To my surprise, I came across a new monument on ulica Bielanska, not far from the site of the (destroyed) Great Synagogue that gave me a clue about the Wall. I had not heard of this monument and it is not yet included on any map or in any guide. As it happens it is but one small part of an ambitious new project by the City of Warsaw and the Ministry of Culture in cooperation with the Jewish Historical Institute (JHI) to bring back the memory of the wall. The work is still in progress, but will be officially inaugurated at the JHI next week, on November 19th.

This project of Ghetto memory sees the city as a palimpsest - and under the lines of the new street the old patterns can still be seen - albeit faintly. 21 bronze reliefs are being installed along the route of the Ghetto wall. 13 reliefs are placed on still-extant patches of wall used as part of the Ghetto enclosure. The rest are set onto freestanding stelae. Together they mark the Ghetto border when it was at its biggest. Explanatory texts help orient the viewer. Some of these markers - the ones where no part of the wall survives - include strips of pavement labeled "Ghetto Wall" that are embedded in the surrounding pavements and give a sense of exactly where the wall once was. [This method of tracing outline of lost walls is not new (a good example is the memorial for the Orphan Boys' Home in Amsterdam, where an outline of the building in whose site is mostly covered by the new Town Hall was laid out with ceramic tiles in the surrounding pavement by artist Otto Treumann), but in Warsaw it is done very well.]

I'm very impressed by this project. It is one of the very best that I have seen anywhere that endeavors to re-orient the viewer to an historic topography rather than the contemporary one. For Jewish sites this type of evocation of lost places is essential, since throughout Europe so much of Jewish culture is lost, destroyed and built over. The Warsaw project demonstrates that there are ways that are both aesthetically and didactically satisfactory - that these lost places and spaces can be recalled, if not actually recovered. The effort to create and install a system of distinct but related markers is important. Whether for the Ghetto Wall, or for (re)locating Jewish communal institutions or any other set of sites, a system indicates that recovered sites were not individual, casual or accidental creations, but were part of a complex network of places and community now gone. This technique can work with any kind of lost heritage, not just Jewish. But for Jewish heritage - especially in cities once full of Jews where few physical remains survive - markers are a must.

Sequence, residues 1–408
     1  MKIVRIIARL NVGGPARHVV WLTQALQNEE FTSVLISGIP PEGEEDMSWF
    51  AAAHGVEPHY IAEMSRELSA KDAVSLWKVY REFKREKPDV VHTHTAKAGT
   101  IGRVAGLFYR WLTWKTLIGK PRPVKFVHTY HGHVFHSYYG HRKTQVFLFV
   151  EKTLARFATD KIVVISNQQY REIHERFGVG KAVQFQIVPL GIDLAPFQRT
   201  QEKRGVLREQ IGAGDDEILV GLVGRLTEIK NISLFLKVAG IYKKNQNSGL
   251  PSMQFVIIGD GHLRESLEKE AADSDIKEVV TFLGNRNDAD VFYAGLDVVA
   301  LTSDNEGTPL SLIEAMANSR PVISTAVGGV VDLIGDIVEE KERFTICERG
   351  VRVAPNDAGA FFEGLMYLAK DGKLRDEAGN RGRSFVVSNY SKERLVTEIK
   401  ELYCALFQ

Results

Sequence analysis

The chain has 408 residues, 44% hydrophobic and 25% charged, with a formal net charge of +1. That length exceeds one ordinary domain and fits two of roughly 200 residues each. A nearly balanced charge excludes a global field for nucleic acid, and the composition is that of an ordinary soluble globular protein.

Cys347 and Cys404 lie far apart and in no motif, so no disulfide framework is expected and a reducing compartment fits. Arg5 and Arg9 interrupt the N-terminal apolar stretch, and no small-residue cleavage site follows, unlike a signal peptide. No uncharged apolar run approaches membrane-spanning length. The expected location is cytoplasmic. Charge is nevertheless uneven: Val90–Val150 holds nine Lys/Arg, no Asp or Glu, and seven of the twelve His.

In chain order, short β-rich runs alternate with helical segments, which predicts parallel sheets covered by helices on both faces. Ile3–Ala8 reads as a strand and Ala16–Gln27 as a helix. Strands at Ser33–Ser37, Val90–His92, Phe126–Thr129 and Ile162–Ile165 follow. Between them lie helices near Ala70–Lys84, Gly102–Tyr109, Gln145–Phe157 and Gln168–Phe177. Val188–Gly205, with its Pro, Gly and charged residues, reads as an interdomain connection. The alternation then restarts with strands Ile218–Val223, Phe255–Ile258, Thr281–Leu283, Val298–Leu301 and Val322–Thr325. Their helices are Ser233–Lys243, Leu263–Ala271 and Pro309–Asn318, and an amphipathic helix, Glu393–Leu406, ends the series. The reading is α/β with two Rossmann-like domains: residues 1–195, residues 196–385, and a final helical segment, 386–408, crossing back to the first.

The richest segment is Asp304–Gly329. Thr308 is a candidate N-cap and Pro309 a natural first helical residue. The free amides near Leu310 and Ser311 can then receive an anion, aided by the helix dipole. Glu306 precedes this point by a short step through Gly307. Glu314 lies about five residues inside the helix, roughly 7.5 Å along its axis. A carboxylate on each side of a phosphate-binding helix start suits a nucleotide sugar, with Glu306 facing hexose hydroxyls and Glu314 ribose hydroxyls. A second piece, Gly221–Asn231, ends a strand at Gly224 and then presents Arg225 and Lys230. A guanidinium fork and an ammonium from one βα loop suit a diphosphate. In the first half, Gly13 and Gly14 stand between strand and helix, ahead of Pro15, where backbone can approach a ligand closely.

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 News Minimize

Tuesday, April 15, 2008
Poland remembers ghetto uprising
BBC News
Warsaw - The Polish and Israeli presidents have led events to mark the 65th anniversary of the Warsaw Ghetto Uprising. The main ceremony was held at a monument honouring hundreds of Jewish fighters who resisted German attempts to eradicate the ghetto. Polish President Lech Kaczynski said the world must remain vigilant to prevent a repeat of such horrors. Israeli President Shimon Peres said that the fighters represented the victory of humanity over bestiality. The uprising was the largest act of Jewish resistance in the Holocaust. Paying tribute during the ceremony, a Jewish cantor sang a memorial prayer to the victims, and wreaths were laid at the foot of the monument. Several hundred people were present, including Holocaust survivors, politicians and members of the public.

read more ...

Backers of Polish museum hope groundbreaking boosts fund raising
by Dinah A. Spritzer
JTA, June 20, 2007
Supporters and staff of a new museum on Polish Jewry are hoping a high-profile groundbreaking ceremony will draw in the additional funds needed to finish what aims to be Europe's largest Jewish cultural attraction under one roof.

Polish Jewish museum to break ground
The Museum of the History of Polish Jews in Warsaw will break ground June 26. The $58 million museum is set to open between 2009 and 2010. It will showcase the 1,000-year history of Polish Jews, who comprised 10 percent of the country's population before the Holocaust -- more than in any other European nation.

 Archived ISJM Content Minimize

Where the Judenrat met
Eleven international architectural firms have been selected from 119 original competitors to draw up plans for the new Museum of the History of Polish Jews. Haaretz story.

Ber Sonnenberg Monument Restoration
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Jewish Renaissance Foundation Plans Restoration of Warsaw Properties
Jewish Heritage Report (I:1) article

Museum of History of Polish Jews in Warsaw
Jewish Heritage Report (I:2) article

Painted Prayer House Discovered in Warsaw: Preservationists Fight to Stop Demolition
Jewish Heritage Report (II:1-2) article

Prozna Project
Progress Peg Simpson's Tabletalk Column for Aug 14, 2000

Warsaw Cemetery Attacked
Jewish Heritage Report (II:1-2) article